Then, at the beginning of the next breeding season, in early 2018, both parent coyotes disappeared from their park (Park A), even though their yearlings remained there. The yearlings now took over the daily rounds there during the night. Had that park (Park A) now been ceded to them, I wondered?

Soon I discovered the new whereabouts of the parents: they were in another very small open space (Park C) about two miles away. The male’s appearance here was shockingly decrepit and sad, with new and prominent scars covering his face, an extremely forlorn demeanor, and a perpetual slinking stance. Had he had to fight for his mate? I don’t know. We have one photo of another male in the area. It was still February and it was mating season. Although coyotes mate for life, I asked myself if there might have been some kind of a showdown? Our male was observed at this park (C) for only a couple of weeks before moving on — the female was seen even less — and then they disappeared from this site as well and I lost track of them for a few weeks.

The gypsy-coyote pair and a pup

The next thing I knew, the pair had settled into yet another area (#D), about a mile away, where pups were obviously born — it was obvious because Mom was lactating again. This coyote pair has remained in this area (#D) now for over four months with their growing pups. The male performs his territorial sentry/reconnaissance duty several times a day as any good guardian father would, and in the evening he meets up with his mate for lots of fun and play without the youngsters, and the youngsters join them later.

However, a month ago Dad started returning to his original park (#A) for one-day long visits, always traveling to and from there at night, and always returning to the park where he had his last litter of pups (#C) the next evening. Those visits have become regular, occurring, to begin with, every 2 weeks, and now every week or less, and they’ve grown from one-day visits to 2 and then 3 days in length. During the visit yesterday, BOTH parents traveled the streets at night to the original park (#A) where they remained all day, leaving this year’s pups at the only home they have known so far (#C), and returning to them that evening. During today’s visit, only Mom made the trip for part of the day and returned before evening — walking the streets of San Francisco during daylight.

And there’s actually a 4th park involved (Park E), where several of us watched the female attempt to stake out yet another park for almost a week before returning to park #A after her first litter had been born. This park was clearly inappropriately too small for her needs.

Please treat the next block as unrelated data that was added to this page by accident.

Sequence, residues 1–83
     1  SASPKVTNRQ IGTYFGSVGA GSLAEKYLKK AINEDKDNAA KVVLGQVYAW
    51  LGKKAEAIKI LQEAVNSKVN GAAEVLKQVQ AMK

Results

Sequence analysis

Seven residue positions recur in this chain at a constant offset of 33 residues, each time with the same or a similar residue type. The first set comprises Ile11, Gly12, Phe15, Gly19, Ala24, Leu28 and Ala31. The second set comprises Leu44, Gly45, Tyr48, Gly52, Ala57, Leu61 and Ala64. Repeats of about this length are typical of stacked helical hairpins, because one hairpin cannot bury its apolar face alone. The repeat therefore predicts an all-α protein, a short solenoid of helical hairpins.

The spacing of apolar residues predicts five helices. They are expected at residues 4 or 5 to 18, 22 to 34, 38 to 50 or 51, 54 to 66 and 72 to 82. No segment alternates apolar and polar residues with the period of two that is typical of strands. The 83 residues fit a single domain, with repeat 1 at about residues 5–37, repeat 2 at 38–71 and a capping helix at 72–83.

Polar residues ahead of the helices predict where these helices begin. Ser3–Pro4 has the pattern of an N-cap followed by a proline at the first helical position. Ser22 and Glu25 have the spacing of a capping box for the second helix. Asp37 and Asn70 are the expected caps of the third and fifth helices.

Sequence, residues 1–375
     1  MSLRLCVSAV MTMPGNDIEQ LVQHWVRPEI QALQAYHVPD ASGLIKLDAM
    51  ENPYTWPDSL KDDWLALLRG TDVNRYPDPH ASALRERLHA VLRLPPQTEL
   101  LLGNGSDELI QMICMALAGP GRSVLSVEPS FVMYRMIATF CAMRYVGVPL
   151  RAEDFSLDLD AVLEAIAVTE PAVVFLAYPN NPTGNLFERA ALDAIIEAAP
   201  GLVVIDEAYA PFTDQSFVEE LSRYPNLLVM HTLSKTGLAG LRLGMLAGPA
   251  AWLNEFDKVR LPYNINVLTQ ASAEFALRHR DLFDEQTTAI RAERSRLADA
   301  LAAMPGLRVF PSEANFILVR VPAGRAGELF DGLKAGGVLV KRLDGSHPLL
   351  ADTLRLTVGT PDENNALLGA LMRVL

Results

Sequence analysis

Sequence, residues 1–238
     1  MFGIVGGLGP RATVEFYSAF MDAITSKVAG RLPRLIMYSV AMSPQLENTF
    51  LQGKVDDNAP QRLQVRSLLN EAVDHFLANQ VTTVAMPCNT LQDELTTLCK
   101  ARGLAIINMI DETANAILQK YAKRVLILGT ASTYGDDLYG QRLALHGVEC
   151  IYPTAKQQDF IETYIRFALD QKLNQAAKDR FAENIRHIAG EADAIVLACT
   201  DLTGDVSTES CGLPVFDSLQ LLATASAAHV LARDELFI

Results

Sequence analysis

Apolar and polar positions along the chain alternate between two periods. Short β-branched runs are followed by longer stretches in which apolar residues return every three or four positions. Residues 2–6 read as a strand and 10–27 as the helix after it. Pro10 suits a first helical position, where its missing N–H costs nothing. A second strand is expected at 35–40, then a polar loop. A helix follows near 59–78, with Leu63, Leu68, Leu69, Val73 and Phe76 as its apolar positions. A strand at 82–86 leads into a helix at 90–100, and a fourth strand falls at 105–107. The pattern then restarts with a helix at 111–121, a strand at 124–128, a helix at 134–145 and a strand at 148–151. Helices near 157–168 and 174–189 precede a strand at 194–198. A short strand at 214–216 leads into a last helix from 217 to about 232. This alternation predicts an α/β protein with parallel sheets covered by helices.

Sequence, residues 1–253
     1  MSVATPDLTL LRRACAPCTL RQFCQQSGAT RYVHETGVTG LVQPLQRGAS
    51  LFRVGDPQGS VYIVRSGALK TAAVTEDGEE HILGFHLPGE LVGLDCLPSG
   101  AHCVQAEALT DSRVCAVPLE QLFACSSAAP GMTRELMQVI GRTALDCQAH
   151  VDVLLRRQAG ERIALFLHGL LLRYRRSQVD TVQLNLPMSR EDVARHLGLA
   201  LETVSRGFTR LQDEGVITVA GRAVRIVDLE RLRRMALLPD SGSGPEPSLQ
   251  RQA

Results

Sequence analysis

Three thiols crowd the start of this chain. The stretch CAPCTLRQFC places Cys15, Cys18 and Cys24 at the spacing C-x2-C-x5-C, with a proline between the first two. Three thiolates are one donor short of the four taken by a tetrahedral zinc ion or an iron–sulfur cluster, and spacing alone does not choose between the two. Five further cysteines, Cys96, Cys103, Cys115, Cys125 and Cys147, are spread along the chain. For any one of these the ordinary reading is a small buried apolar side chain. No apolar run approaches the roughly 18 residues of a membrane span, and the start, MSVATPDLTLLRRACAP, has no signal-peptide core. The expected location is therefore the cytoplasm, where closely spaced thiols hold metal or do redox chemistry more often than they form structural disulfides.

This is a developing story, so there’s sure to be a sequel at some point.

[I spend my time observing and documenting coyote behavior and then writing and posting about them, in order to show people what they are really like. Mine are all first-hand observations, made on my own, usually about family life, which you can’t find much about beyond a few photos of pups on the internet. I get into what is actually going on. I’m a self-taught naturalist who is in the field many hours every day. I don’t know of any academics who are doing this, so this information is not available elsewhere. Hope you enjoy it, learn from it, and then embrace coyotes for who they really are! Janet]

7 Comments (+add yours?)

  1. environmentalhealthpolicy
    Jul 31, 2018 @ 03:46:43

    Wow! This is very interesting! Does the male look less decrepit these days? I’m curious whether he has perked up now that he has another successful litter of pups and is mostly living at Park #C. Thanks for this interesting saga!

    Reply

  2. Dan De Vries
    Aug 01, 2018 @ 17:32:18

    Once again, Janet, thank you for your powerful observations. As a coyote enthusiast, I keep learning from your posts.

    Reply

  3. Cindie White
    Aug 05, 2018 @ 06:48:57

    Your intimate observations of real coyote life is EPIC!!!! I love it so much. Thank you.

    Reply

  4. Cindie White
    Aug 05, 2018 @ 06:54:33

    SO GOOD!

    Reply